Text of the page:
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My textbook, Introduction to Probability, first edition, by Blitzstein and Hwang, says the following:

In a location-scale transformation, starting with $X \sim \text{Unif}(a, b)$ and transforming it to $Y = cX + d$ where $c$ and $d$ are constants with $c > 0$, $Y$ is a linear function of $X$ and Uniformity is preserved: $Y \sim \text{Unif}(ca + d, cb + d)$. But if $Y$ is defined as a nonlinear transformation of $X$, then $Y$ will not be linear in general. For example, for $X \sim \text{Unif}(a, b)$ with $0 \le a < b$, the transformed r.v. $Y = X^2$ has support $(a^2, b^2)$ but is not Uniform on that interval.

Firstly, isn't what the authors describe here as a linear function actually an affine function - not linear (that is, isn't $Y = cX + d$ an affine function -- not a linear function)?

And lastly, how is $Y = X^2$ not Uniform on the interval $0 \le a < b$? I'm having difficulty understanding how this is the case.

I would greatly appreciate it if people could please take the time to clarify this.

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Yes, the authors are saying 'linear' for 'affine'.

If $X$ has uniform distribution on $(0,1)$ then $Y=X^{2}$ does not have uniform distribution on $(0,1)$: $P(Y \leq y)= P(X \leq \sqrt y)=\sqrt y$ for $0<y<1$. Note that $X^{2} <X$. $X^{2}$ assigns higher probabilites than $X$ for values near $0$.

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  • $\begingroup$ "Note that $X^{2} <X$. $X^2$ assigns higher probabilities than $X$ for values near $0$"; can you please explain this? $\endgroup$ – The Pointer Oct 1 '19 at 12:24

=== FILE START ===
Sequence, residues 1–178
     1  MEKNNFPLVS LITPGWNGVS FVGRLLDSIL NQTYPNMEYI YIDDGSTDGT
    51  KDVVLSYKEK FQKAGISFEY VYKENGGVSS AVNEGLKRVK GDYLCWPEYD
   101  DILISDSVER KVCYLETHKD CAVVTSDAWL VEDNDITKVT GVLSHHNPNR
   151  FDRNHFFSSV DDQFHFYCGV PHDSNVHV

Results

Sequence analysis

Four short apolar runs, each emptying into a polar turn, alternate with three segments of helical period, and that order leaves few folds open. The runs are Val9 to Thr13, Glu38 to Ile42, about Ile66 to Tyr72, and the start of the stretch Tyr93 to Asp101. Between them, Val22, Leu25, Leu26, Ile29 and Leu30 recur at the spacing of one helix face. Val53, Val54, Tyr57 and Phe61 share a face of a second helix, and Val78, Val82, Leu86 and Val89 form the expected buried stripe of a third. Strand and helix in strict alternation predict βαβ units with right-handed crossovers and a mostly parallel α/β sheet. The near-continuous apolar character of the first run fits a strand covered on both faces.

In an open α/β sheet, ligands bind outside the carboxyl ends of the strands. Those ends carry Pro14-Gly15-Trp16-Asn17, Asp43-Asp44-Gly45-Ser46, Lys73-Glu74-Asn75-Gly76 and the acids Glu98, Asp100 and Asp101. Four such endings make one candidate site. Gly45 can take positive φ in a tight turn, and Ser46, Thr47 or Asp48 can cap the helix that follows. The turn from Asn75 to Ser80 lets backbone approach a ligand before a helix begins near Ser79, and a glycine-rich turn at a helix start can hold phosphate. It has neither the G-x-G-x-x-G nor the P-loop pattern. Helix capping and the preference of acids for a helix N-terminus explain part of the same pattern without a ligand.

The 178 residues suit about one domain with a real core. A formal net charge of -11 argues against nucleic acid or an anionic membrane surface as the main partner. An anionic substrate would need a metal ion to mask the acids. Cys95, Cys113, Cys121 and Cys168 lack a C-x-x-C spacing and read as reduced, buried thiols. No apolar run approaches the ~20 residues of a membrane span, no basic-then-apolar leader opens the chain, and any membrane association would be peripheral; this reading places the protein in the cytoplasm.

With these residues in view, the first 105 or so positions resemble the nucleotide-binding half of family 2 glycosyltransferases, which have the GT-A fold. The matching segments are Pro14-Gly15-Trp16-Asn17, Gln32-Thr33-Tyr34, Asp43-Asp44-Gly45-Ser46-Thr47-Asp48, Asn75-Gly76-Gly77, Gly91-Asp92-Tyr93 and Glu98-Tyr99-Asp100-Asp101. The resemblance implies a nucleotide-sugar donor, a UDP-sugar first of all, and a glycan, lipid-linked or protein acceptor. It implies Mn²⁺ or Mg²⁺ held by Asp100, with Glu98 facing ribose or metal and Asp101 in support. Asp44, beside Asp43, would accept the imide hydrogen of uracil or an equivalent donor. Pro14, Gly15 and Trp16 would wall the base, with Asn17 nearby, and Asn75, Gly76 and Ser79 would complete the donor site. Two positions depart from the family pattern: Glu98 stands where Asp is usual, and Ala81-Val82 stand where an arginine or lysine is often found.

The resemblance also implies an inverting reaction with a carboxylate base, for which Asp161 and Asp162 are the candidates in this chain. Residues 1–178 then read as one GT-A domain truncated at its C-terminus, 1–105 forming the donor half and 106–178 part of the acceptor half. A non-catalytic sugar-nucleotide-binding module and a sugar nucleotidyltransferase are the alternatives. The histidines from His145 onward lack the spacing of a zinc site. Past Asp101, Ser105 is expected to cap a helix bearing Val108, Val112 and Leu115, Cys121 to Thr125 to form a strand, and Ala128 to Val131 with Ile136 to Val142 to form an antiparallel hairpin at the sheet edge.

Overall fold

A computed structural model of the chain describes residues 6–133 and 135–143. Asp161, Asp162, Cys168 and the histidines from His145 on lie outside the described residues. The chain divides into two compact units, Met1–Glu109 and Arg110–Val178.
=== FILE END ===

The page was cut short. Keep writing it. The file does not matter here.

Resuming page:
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    $\begingroup$ @ThePointer Unform distribution assigns same probability for intervals of equal length. But $X^{2}$ doe not do this. For example consider $(0,r)$ and $(1-r ,r)$. The probability that $X^{2}$ lies in the first interval is $\sqrt r$ whereas he probability that $X^{2}$ lies in the second interval is $1- \sqrt (1-r)$. You can easily verify that $1- \sqrt (1-r) <\sqrt r$ $\endgroup$ – Kavi Rama Murthy Oct 1 '19 at 12:28
  • $\begingroup$ How did you get that the probability that $X^2$ lies in the second interval is $1- \sqrt (1-r)$? $\endgroup$ – The Pointer Oct 1 '19 at 12:45
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    $\begingroup$ @ThePointer $P(a<X<b)=b-a$ for $0\leq a<b\leq 1$. So P(1-r <X^{2} <1)=P(\sqrt {1-r} <X <1)=1-(1-\sqrt {1-r})$. $\endgroup$ – Kavi Rama Murthy Oct 1 '19 at 12:47
  • $\begingroup$ Ahh, ok, I understand now. Thank you for taking the time to clarify this. $\endgroup$ – The Pointer Oct 1 '19 at 12:49

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